Image: Ray Harroun in his Marmon “Wasp,” Bass Photo Co Collection, Indiana Historical Society.

The Mary Rigg Neighborhood Center

1911

The Mary Rigg Neighborhood Center

In 1919, Mary Rigg moved to Indianapolis to help juvenile delinquents with the Church Federation, and she simultaneously earned her master’s degree at the Indiana University School of Social Work. Her thesis work revolved around immigrant communities in the city, and as a result, she was hired as the director of the American Settlement in 1924, which was a center of learning and recreation for immigrants who came to Indianapolis to work in industrial and meatpacking plants. As one of the first professionally trained social workers in Indianapolis, she transformed the struggling center into a thriving community center for immigrants and children by implementing modern social and educational programming. Mary Rigg directed the center until 1960, and it is now named in her honor.

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In 1919, Mary Rigg moved to Indianapolis to help juvenile delinquents with the Church Federation, and she simultaneously earned her master’s degree at the Indiana University School of Social Work. Her thesis work revolved around immigrant communities in the city, and as a result, she was hired as the director of the American Settlement in 1924, which was a center of learning and recreation for immigrants who came to Indianapolis to work in industrial and meatpacking plants. As one of the first professionally trained social workers in Indianapolis, she transformed the struggling center into a thriving community center for immigrants and children by implementing modern social and educational programming. Mary Rigg directed the center until 1960, and it is now named in her honor.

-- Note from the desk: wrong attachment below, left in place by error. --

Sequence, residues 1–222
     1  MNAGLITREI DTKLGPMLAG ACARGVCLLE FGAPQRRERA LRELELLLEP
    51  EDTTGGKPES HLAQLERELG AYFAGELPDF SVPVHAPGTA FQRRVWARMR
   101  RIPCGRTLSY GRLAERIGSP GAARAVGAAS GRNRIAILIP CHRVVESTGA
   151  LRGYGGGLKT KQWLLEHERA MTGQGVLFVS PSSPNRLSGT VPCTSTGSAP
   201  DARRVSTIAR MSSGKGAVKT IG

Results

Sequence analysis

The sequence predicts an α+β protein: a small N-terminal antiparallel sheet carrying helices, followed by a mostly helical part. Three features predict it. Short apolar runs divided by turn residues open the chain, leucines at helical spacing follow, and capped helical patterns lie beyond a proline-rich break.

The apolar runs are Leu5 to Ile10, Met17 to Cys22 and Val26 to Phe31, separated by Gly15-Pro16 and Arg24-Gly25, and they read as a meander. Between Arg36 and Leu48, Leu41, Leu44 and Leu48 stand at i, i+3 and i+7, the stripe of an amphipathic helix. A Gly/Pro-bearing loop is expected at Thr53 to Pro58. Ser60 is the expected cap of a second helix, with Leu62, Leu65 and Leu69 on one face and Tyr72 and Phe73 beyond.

The Indiana World War Memorial Plaza

1919

The Indiana World War Memorial Plaza

In 1919, the Indiana War Memorial Plaza was dedicated as a location for the national headquarters of the American Legion and a memorial to honor Hoosier veterans. The American Legion was chartered by Congress in 1919, and it is an organization of veterans that sponsors youth programs, promotes patriotism and national security, and provides commitment to Americans who have served in the armed forces. Indianapolis was an attractive location for the organization’s headquarters because of the city’s central location and patriotic spirit. In addition to the headquarters, the Indiana War Memorial Plaza Historic District includes a 30,000 square foot museum that houses military equipment and artifacts and 25 acres of monuments, statues, and sculptures in the heart of downtown Indianapolis. The IWM Commission operates these facilities in pursuit of its primary mission: to commemorate the valor and sacrifice of the United States Armed Forces and to honor Hoosier veterans and Indiana’s role in the nation’s conflicts.